The COVID-19 pandemic has impacted every sector of society and the economy, putting the most vulnerable at risk, bringing severe strains on health systems, impacting livelihoods and severely restricting economic activity.
According to the six-country study, COVID-19 Mindset: How Pandemic Times Are Shaping Global Consumers conducted by FleishmanHillard’s TRUE Global Intelligence, nearly everyone has felt the impact of COVID-19 on their lives. Without any doubt, coronavirus has already affected and reshaped customer behaviour. But how has the COVID-19 Crisis impacted the TIC Sector so far? Bennet Summers and Henry Charrington from OC&C presented their findings during the TIC Council Webinar on April 14, 2020, and then a refreshed view in July 2020.
According to the market overview presented by OC&C, the TIC market has performed strongly since 2017, with underlying growth of +9% per annum. However, since the outbreak of COVID-19, the market is experiencing a ‘peak of uncertainty’ with recent forecasts on global GDP growth impact ranging from -2% to -7%.
The impact on TIC markets has varied by each industry sectors’ level of resilience. For example, the level of disruption for oil & gas, and aerospace industries (where demand and production drivers have been negatively impacted) differs to that of food, agriculture, and pharma (where demand has been resilient or even picked up). The impact has been particularly acutely felt in sectors that have highly distributed global supply chains for goods and specialised workforces. Subsequently, remote and digital testing has been rapidly adopted by TIC players, and their customers, to ensure they can continue to provide their services.
Overall, the TIC sector has been resilient in the face of this crisis – despite operating constraints and customer challenges – but some sectors have been particularly hit by the economic downturn. Survey results indicate that revenues for TIC have seen, on average, a “moderate” impact (e.g., a 5,20% fall in H1) but with high variation in sub-sectors due to their end-market exposure.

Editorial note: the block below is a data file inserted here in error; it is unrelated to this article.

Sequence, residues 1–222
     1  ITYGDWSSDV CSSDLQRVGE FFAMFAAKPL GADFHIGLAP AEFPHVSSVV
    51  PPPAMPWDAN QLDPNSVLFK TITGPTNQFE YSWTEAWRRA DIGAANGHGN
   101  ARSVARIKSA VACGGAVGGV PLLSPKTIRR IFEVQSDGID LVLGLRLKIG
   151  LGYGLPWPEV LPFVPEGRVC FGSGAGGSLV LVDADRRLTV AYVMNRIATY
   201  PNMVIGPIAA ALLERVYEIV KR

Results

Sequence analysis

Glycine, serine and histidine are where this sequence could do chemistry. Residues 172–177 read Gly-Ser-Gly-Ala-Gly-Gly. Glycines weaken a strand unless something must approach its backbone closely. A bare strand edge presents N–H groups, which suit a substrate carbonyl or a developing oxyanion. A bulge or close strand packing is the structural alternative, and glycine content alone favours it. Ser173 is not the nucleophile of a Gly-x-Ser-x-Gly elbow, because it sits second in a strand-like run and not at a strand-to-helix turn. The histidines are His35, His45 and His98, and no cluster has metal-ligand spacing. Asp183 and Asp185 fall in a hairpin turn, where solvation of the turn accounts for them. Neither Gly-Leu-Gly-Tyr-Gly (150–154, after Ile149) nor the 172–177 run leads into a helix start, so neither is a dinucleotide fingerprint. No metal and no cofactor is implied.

In this regard, flexibility in capacity is key for TIC players, as private labs have been central to expanding COVID-19 testing capacity in countries with the most aggressive responses. For example, Germany and South Korea’s testing response have been taking advantage of outsourced testing infrastructure since January and February 2020 respectively. Furthermore, TIC providers have been swift to develop and integrate in their activities new types of services and delivery models in order to smartly access latent demand: examples include remotely-performed services, enhanced digitalization, increased automation, diversification of supply chains.
Many believe that the pandemic will result in lasting change in terms of economic activity and society as a whole. This means that we need to keep in mind the importance of strategic planning, which is critical to face and survive the deep structural shifts that are likely to be accelerated as we emerge from the COVID-19 crisis. With operational disruptions predicted for certain TIC industry sectors for the next 12 months and beyond, it is imperative to understand the tasks at hand, to adapt and overcome these uncertain times, as the virus will continue to define much of the sector’s activity for the foreseeable future.
In this context, the TIC sector will become more important than ever in its role to verify the safety of products, enabling trade and protecting brands while helping society to navigate the new “normality” in the aftermath of the pandemic.